Restored saltmarshes have low beta diversity due to limited topographic variation, but this can be countered by management.

Published online
21 Sep 2022
Content type
Journal article
Journal title
Journal of Applied Ecology

Lawrence, P. J. & Sullivan, M. J. P. & Mossman, H. L.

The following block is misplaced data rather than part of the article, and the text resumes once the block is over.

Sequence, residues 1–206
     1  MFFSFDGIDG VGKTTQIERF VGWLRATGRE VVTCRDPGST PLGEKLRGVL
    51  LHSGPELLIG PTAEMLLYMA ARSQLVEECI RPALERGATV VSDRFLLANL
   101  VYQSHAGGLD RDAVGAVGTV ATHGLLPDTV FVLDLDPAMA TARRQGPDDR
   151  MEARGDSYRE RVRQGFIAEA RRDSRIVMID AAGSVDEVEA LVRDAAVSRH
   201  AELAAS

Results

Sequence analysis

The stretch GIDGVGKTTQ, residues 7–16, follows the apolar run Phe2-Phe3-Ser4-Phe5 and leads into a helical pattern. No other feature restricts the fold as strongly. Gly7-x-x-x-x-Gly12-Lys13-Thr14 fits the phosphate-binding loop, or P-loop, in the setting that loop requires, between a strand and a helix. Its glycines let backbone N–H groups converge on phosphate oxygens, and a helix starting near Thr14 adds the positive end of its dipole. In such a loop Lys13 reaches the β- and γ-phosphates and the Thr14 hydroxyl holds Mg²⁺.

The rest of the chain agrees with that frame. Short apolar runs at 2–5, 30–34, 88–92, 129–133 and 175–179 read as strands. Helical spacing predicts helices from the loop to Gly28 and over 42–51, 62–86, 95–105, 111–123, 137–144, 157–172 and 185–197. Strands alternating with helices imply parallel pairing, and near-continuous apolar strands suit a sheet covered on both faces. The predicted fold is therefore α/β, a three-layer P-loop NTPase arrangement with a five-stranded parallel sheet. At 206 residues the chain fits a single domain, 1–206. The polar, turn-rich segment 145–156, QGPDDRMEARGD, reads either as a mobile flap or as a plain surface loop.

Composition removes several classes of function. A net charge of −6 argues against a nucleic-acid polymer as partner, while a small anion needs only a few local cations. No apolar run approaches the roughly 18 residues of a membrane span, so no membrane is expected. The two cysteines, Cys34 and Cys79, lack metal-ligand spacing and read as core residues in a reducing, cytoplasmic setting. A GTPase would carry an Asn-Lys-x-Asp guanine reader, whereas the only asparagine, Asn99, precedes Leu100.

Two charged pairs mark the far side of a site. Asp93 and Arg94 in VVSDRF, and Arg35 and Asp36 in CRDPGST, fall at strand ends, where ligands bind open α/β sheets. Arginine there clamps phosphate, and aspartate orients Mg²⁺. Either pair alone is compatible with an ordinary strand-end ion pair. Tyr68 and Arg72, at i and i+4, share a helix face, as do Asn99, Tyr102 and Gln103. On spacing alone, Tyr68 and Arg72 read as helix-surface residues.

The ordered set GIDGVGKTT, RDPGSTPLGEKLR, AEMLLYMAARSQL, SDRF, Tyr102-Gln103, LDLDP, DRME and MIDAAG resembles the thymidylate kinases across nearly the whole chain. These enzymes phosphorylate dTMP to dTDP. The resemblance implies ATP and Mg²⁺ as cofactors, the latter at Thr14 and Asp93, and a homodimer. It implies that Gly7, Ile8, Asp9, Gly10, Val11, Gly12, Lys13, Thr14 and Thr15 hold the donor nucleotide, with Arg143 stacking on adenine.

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Spatial heterogeneity of species (beta diversity) is an important attribute of ecological communities, but is less frequently considered when assessing restoration success than other aspects of diversity (gamma and alpha). Differences in beta diversity between restored and natural sites may arise due to differences in environmental heterogeneity. We used a nested sampling design to survey plant communities and environmental conditions (elevation, redox potential and metrics of topography) on four pairs of restored and natural saltmarshes. We assessed whether there were differences in both alpha and beta diversity between natural and restored sites and analysed their environmental drivers. Topography was an important driver of plant alpha diversity and beta diversity on saltmarshes. The effects of topography were partly indirect, mediated though changes in redox potential, but topography also influenced plant communities independently of both elevation and redox. Restored saltmarshes were less heterogeneous in topography than natural marshes. This reduced topography was reflected in lower beta diversity; plant communities 1 m apart in natural marshes were as dissimilar as those found 20 m apart in restored marshes. Large-scale topographic manipulation carried out at one site a decade after initial restoration successfully increased topographic heterogeneity and increased beta diversity when surveyed 3 years after manipulation. These changes were still evident when resurveyed after a further 2 years. Synthesis and applications: Increasing environmental heterogeneity can improve restoration outcomes by increasing beta diversity on restored sites. The effect of environmental heterogeneity is likely to be particularly strong within intertidal habitats such as saltmarshes, where small changes in topography can determine whether a species can occur at a given location. Topographic manipulation is a feasible post-restoration technique that can be applied to ensure restored saltmarshes better meet policy targets of biological, physical and functional equivalence with natural marshes.

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